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Women in WASP released male pilots for combat duty

Women in WASP released male pilots for combat duty

 

1.074 american women did a special service for the USA during World War 2.
 
They served in the Women Airforce Service Pilots (WASP) from August 1943 until December 1944, as pilot getting their wings after a long and hard training. Military men at first were cool to the notion of women aviators, even in non-combat roles. But that soon changed. Members of WASP flew about 60 million miles, mostly to ferry war materials and personnel and thirty-eight of them were killed, some during training.
 
The WASP service enabled the release of many male pilots for possible combat duty. The female pilots did not engage in combat, but did serve as test pilots and flew aircraft during training exercises.
 
Although WASP pilots performed essentially the same service as did many male pilots, it took a long time for them to be duly recognized. The group’s 1944 disbandment was, in fact, due in part over objections that women took non-combat jobs away from men. WASP records were sealed. The women returned to civilian life, and their service was largely forgotten.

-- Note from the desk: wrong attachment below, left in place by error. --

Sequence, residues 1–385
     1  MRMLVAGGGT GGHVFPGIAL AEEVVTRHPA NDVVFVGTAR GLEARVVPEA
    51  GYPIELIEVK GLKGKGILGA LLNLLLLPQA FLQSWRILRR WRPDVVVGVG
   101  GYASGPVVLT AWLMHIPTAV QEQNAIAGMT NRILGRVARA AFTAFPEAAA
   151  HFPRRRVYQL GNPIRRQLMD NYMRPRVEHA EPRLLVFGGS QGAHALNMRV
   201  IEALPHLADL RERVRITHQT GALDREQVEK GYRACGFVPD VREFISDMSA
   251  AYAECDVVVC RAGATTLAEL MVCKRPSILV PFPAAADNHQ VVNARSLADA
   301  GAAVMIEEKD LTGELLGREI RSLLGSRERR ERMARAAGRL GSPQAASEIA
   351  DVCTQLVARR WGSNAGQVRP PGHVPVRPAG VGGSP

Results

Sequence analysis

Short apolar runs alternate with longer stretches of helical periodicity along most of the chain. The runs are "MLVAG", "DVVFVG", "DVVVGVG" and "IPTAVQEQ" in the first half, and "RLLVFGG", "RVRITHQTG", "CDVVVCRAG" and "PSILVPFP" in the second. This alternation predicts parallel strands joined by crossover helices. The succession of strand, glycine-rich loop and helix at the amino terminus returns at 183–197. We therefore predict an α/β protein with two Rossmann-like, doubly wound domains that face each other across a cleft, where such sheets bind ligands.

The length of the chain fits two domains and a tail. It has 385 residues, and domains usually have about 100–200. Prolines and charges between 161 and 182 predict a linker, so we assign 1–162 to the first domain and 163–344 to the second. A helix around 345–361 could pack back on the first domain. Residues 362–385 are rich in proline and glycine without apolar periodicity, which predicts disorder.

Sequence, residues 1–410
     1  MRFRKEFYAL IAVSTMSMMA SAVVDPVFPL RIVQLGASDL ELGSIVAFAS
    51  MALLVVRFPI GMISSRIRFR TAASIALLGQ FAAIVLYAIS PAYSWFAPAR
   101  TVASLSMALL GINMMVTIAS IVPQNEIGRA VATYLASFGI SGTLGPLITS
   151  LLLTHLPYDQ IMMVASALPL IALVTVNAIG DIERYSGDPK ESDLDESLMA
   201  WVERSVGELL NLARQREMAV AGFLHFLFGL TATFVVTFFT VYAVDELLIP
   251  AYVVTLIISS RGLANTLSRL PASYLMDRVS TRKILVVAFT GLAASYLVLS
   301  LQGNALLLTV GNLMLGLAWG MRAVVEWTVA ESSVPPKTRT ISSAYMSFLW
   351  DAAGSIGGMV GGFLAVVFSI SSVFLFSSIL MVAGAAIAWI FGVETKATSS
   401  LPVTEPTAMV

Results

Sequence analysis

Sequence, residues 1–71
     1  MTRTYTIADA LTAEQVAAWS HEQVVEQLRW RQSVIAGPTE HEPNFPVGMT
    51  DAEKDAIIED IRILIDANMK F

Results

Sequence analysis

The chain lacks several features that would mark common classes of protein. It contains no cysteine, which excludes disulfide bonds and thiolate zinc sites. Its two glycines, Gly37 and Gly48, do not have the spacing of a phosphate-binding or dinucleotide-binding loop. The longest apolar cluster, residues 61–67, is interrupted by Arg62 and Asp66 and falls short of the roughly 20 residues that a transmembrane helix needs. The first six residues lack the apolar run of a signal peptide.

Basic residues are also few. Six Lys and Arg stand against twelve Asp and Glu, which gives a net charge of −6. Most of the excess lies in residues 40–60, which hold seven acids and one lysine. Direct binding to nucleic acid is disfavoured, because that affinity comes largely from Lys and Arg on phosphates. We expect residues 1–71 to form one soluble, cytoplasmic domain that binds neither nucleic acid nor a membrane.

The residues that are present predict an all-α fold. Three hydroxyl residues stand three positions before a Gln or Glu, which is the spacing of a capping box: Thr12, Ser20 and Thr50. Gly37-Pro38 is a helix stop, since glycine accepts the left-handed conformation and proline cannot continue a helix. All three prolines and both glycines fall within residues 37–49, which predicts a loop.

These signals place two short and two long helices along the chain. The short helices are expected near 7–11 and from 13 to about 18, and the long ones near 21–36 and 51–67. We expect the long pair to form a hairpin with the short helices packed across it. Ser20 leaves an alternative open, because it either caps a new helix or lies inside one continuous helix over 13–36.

The WASP was finally granted veteran status in 1977. On May 10, 2010 President Barack Obama and the United States Congress awarded the WASP the Congressional Gold Medal. Three of the roughly 300 surviving WASPs were on hand to witness the event. During the ceremony President Obama said, "The Women Airforce Service Pilots courageously answered their country's call in a time of need while blazing a trail for the brave women who have given and continue to give so much in service to this nation since. Every American should be grateful for their service, and I am honored to sign this bill to finally give them some of the hard-earned recognition they deserve."
 
On May 10, 2010, the 300 surviving WASPs came to the US Capitol to accept the Congressional Gold Medal from House Speaker Nancy Pelosi and other Congressional leaders.
 
Twenty-five thousand women applied to join the WASP, but only 1,830 were accepted and took the oath. Out of these, only 1,074 of them passed the training and joined.
 
Illustration: Harlingen Army Air Field, Texas: Elizabeth L. Gardner of Rockford, Illinois, WASP (Women's Airforce Service Pilot) pilot, takes a look around before sending her plane streaking down the runway at the air base.
 

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